In keeping with the introduction of new austerity measures, announced at the start of 2017 and a continuing effort to make cut backs in an effort to balance the budget, Oman has announced it will raise income tax rates for companies and remove previously existing exemptions for small firms, the Ministry of Finance in Muscat has announced.
The Ministry said the income tax rate for Omani and foreign companies increased from 12 per cent to 15 per cent under a royal decree issued on February 19. A previous exemption for firms earning less than OMR30,000 ($78,000) per annum has been replaced with a 3 per cent rate of taxation, to be applied from the start of the 2017 tax year.
Oman, which prides itself on its enviable “good housekeeping” skills, has been closely monitoring the country’s taxation system for some time. The new amendment aims at helping balance the budget by limiting the number of tax avoidance incidents practised by certain tax payers who were found to be dividing the value of their transactions between a number of business entities, in order to benefit from the exemption and avoid tax payment.
From now on companies in the mining and hotel sectors, private schools, universities and nurseries will also no longer be exempt from the tax.
The decree includes amendments to the income tax law designed to simplify tax payment, which will be introduced later. Provisions to the law including the ability to forward losses incurred in any tax year to the next year and deduct them from taxable income will also be maintained.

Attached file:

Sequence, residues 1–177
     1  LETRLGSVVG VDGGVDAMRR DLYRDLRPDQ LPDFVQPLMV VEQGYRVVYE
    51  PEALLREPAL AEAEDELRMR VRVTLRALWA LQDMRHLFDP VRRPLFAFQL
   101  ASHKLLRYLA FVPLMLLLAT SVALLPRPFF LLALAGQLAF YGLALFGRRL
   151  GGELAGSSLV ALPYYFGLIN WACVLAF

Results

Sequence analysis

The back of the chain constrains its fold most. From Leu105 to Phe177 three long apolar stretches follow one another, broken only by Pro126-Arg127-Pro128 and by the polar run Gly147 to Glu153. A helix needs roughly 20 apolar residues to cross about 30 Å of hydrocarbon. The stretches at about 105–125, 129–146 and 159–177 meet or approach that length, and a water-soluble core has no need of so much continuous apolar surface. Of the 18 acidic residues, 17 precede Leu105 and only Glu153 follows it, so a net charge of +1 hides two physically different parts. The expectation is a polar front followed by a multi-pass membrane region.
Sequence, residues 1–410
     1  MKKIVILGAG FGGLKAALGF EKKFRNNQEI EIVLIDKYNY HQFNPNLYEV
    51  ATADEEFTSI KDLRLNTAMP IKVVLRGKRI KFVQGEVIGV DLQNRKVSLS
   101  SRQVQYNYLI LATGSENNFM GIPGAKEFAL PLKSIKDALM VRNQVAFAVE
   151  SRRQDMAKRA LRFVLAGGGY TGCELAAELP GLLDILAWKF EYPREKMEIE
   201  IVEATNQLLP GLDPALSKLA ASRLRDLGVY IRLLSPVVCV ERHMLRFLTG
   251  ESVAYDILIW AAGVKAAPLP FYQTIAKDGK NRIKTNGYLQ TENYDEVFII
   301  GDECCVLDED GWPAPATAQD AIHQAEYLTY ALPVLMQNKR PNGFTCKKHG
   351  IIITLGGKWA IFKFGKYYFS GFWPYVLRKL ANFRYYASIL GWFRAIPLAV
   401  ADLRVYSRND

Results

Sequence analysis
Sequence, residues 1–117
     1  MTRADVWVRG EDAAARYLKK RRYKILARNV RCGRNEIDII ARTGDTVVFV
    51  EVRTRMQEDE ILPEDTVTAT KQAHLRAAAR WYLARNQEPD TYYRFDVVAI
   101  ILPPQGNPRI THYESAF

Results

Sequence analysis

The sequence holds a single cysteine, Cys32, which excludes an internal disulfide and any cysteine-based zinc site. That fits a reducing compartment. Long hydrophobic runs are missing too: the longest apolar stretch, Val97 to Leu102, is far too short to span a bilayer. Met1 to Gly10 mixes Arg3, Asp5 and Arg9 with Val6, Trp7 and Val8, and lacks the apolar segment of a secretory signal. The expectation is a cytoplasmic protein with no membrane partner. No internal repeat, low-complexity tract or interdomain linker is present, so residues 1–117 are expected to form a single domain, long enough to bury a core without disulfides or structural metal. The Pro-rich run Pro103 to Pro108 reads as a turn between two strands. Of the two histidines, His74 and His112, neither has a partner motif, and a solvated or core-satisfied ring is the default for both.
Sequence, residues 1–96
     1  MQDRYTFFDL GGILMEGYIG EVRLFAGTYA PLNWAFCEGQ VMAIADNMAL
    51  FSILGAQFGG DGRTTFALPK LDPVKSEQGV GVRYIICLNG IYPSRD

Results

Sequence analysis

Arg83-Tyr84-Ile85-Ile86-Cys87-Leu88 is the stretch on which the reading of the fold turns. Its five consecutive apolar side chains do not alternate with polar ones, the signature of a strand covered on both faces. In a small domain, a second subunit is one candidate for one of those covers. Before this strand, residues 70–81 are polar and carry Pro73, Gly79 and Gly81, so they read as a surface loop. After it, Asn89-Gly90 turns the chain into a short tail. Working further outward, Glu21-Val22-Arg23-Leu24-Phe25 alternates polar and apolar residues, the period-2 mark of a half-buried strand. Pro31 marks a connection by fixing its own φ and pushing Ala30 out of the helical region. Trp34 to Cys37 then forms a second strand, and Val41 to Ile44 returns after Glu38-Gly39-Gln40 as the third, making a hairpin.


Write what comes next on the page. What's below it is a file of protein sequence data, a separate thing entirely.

“However, it should be noted that the 15 per cent corporate income tax is still below the average international rate which is 25 per cent, which maintain the investors’ revenues and the sultanate’s competitiveness,” the Oman News Agency observed.
Oman announced it would introduce fresh austerity measure at the beginning of the year to boost earnings from non-oil related revenues, including changes to income tax and the implementation of a new tax charge on goods including alcohol and tobacco. There will also be changes to fees for hiring foreign workers.
Oman posted an OMR5.3bn ($13.76bn) deficit last year, higher than the OMR3.3bn expected as oil prices averaged $39 a barrel rather than the $45 assumed. The government is forecasting a deficit of OMR3bn ($7.79bn).